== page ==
Chris' Tool Obsession: Barwalt, Ultralife Tile Trowels

From Chris

A quick note: we weren't compensated in anyway for this post, but if Barwalt (or anyone else) wants to send us free stuff I'm not going to send it back. ;)

Since I have a seemingly unquenchable thirst for new and exciting tools, I figured I'd put that obsession to some good use by reviewing some of my favorites. I'll try to do one review a month and hopefully I'll never run out of tools to review. Without further ado:

The upcoming Kerdi membrane installation in the shower gave me the opportunity to look for the required 1/4" x 3/16" v-notch trowel. I have a smaller v-notch trowel that I used in the last bathroom, but it was a bear getting the membrane to get proper coverage, so the search for a new trowel began. 

I had heard of the Barwalt trowel system before and bookmarked it for another date. I took this opportunity to revisit the system. Lucky for me it comes with 7 interchangeable trowel sizes, including the one I needed to install the Kerdi membrane. The system also comes with a case for all the trowels and a handle.

The system is simple. The handle attaches to any of the 7 trowels that come with the kit (you can buy 2 additional trowel sizes) by simply sliding the handle onto the trowel which has a piece of V channel welded to the top.

You can slide the trowels on either way you want, which is nice for lefties who usually have to hold trowels upside down to scrape thinset on the substrate left to right.

There is a locking piece that slides on the bottom of the handle, but I found that it works just fine without the locking piece.

When done, all the trowels nest in the yellow carrying case.

With the handle attached to any of the trowel blades, you can use this to create the top of the case which locks in place thanks to three grooves. This then doubles as a handle for the entire set. It's a very elegant and simple system.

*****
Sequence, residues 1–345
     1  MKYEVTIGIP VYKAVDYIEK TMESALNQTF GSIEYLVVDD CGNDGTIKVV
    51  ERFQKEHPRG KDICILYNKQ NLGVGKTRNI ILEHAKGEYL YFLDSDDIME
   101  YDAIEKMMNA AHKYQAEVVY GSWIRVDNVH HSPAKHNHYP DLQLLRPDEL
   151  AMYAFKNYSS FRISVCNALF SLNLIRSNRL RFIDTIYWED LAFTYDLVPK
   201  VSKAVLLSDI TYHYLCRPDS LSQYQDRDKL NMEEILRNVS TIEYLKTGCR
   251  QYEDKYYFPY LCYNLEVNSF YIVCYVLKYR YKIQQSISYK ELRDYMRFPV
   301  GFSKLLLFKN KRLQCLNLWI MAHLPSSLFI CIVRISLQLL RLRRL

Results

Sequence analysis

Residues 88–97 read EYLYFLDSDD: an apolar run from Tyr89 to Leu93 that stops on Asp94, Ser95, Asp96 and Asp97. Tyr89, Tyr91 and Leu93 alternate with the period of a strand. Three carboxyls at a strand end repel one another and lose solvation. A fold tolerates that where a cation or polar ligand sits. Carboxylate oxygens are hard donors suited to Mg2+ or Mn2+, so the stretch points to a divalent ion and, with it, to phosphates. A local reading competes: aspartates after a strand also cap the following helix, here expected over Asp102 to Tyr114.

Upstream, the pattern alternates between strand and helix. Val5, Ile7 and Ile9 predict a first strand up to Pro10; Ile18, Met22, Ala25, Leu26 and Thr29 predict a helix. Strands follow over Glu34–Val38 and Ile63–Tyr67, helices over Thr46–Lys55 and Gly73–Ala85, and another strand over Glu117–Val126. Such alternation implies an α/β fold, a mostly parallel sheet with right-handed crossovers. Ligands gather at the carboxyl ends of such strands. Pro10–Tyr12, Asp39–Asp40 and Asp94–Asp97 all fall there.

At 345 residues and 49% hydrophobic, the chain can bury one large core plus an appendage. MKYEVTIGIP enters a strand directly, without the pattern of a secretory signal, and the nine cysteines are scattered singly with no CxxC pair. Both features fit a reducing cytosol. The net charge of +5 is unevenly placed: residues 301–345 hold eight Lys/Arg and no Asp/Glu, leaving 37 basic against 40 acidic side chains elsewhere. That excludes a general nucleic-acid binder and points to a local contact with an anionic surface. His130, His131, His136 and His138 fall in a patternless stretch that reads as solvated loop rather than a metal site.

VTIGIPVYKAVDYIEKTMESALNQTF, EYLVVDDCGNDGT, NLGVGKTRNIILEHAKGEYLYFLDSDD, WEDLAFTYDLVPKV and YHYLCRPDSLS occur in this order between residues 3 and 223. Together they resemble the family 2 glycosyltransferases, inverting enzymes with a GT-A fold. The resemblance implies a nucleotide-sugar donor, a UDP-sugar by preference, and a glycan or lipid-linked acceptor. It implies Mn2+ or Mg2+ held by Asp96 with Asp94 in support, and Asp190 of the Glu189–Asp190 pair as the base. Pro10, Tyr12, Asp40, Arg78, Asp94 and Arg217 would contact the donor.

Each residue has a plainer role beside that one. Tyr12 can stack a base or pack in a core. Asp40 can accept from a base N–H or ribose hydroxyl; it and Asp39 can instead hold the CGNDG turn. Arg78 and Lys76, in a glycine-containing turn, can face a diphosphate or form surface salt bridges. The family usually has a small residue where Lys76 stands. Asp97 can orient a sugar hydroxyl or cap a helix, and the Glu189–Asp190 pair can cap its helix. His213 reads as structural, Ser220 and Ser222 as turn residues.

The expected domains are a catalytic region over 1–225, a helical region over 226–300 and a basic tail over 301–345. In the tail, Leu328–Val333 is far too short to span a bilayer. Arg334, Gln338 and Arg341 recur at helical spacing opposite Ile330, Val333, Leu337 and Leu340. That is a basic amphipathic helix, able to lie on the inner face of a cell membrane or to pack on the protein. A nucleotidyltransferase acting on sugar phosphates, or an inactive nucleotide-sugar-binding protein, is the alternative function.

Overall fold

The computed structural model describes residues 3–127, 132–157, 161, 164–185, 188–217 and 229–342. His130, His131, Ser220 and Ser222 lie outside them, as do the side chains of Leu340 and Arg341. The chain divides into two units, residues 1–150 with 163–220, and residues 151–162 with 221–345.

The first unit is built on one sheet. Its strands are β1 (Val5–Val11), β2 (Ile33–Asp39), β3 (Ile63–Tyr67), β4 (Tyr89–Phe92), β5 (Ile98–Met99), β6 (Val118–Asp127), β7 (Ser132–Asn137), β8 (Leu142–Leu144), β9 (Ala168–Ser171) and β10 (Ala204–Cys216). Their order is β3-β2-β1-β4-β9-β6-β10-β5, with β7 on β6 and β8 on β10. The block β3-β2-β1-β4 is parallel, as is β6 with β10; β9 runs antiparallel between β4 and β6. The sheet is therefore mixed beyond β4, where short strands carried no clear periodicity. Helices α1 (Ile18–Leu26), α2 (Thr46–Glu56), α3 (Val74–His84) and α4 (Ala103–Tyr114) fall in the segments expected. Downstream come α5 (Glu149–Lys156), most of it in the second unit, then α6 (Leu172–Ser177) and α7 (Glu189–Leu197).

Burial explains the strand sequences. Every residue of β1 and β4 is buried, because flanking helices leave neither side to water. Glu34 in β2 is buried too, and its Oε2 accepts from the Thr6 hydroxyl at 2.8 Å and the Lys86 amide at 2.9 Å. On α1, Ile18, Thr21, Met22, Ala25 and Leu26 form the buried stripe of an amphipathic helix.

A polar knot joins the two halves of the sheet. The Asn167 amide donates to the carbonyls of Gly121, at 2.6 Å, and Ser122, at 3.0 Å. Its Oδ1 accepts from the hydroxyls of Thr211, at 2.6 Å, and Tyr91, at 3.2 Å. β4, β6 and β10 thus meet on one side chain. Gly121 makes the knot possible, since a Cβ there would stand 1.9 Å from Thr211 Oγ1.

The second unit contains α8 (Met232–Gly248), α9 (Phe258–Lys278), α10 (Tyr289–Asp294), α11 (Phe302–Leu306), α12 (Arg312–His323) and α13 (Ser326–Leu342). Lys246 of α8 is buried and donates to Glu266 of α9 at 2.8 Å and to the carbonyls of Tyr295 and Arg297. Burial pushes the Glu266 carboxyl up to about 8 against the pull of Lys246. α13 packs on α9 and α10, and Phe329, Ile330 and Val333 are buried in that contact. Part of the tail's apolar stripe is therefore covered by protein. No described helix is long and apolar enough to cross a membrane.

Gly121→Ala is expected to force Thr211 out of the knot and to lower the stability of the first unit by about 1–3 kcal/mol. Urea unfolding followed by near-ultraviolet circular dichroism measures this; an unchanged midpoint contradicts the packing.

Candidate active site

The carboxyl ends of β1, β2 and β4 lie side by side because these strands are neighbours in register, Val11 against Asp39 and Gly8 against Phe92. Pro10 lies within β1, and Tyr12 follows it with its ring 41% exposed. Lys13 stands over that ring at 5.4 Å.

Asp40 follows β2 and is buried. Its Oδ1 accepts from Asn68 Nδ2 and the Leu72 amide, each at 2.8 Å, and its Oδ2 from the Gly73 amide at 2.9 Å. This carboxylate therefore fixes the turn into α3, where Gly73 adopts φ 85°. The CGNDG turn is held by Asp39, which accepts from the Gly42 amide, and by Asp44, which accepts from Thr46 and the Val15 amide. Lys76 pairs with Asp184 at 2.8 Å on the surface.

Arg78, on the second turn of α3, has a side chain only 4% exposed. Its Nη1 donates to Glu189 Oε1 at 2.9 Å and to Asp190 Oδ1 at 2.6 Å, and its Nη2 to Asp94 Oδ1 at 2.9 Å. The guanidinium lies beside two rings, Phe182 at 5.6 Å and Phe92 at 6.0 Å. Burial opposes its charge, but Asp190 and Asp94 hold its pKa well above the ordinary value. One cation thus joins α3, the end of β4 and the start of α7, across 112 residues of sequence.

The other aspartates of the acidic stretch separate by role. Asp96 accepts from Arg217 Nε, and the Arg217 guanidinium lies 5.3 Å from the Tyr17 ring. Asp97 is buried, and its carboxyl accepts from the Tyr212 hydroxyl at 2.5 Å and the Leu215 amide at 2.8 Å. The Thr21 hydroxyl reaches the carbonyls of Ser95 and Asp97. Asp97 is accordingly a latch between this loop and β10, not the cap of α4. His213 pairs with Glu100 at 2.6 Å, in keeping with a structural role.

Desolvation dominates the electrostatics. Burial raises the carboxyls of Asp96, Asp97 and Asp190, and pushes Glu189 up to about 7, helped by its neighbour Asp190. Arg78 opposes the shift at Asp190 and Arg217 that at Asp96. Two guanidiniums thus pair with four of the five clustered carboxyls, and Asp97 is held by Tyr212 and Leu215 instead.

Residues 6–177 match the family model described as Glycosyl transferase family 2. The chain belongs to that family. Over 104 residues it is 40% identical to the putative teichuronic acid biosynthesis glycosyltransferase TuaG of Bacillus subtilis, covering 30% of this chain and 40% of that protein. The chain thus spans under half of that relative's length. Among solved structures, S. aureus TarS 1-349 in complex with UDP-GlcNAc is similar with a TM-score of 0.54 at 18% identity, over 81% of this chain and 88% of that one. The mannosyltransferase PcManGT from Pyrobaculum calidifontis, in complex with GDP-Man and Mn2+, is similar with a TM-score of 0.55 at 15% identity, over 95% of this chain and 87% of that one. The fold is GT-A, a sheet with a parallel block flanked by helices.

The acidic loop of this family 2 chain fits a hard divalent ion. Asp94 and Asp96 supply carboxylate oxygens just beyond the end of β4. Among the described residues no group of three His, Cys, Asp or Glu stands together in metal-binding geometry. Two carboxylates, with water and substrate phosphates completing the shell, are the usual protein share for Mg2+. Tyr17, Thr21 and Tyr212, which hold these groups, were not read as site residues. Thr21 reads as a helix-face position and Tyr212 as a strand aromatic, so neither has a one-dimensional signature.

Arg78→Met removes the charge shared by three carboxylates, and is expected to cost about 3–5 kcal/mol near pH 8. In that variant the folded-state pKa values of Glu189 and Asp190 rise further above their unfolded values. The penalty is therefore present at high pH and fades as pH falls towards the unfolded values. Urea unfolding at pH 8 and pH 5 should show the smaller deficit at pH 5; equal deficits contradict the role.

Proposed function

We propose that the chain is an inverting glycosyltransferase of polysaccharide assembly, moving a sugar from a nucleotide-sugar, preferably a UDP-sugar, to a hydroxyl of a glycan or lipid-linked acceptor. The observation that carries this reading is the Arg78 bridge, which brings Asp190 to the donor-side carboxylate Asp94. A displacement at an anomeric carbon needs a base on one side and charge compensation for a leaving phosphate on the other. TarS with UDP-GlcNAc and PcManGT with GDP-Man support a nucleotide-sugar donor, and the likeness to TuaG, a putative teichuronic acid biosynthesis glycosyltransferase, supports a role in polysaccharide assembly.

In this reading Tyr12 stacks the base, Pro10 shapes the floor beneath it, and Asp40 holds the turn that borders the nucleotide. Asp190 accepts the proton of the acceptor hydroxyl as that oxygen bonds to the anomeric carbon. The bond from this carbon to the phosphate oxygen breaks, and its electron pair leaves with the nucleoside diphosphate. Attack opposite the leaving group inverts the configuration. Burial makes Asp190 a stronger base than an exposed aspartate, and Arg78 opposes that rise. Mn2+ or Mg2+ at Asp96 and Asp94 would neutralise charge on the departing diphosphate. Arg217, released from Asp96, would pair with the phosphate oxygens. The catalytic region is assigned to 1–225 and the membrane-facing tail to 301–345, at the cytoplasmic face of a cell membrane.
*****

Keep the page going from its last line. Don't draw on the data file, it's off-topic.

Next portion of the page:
Clean-up for the system was one of my concerns going in, but it turned out to be a breeze. There aren't a lot of nooks and crannies for the thinset to get caught in so clean up is very easy. Just disassemble the handle and trowel blade and clean with a sponge as usual. I haven't noticed any rusting on any of the trowel blades so far, so it seems that the stainless steel is of good quality.

The assortment of trowels is great. It's pretty unlikely that you'll need anything outside of the 7 trowels included in the set for any DIY tile setting needs.

The only downside to the system that I see is that you can really only use one trowel blade at a time. If there was some need to use both a flat trowel and square notch trowel, for example, you would have to swap the handle off and on in order to use them for the same project. That, or buy another handle (which is sold separately).

It's this kind of simple and effective system that, as a tool junkie, makes me giddy (relatively speaking). I only wish I had purchased this earlier as it would have saved me a couple purchases.


Gene Anderson said...

That looks pretty awesome. Somewhere in the basement I have an odd-sized trowel or two in addition to my regular one. This would have been a nice alternative, and the left-handed thing is a nice feature.

Bunny @ 86n It said...

I will never let Marc see this post. These are right up his alley!

aptpupil said...

Oh, one more thing about this awesome tool that I forgot to add: it's made in the USA. Yay for non-imports!

threeacres said...

Wow that's a pretty cool system! That kit plus a spare flat trowel (to pry up uneven tiles) is all we would have needed for our large format tiles. I'll have to keep this in mind when we get to more tile work.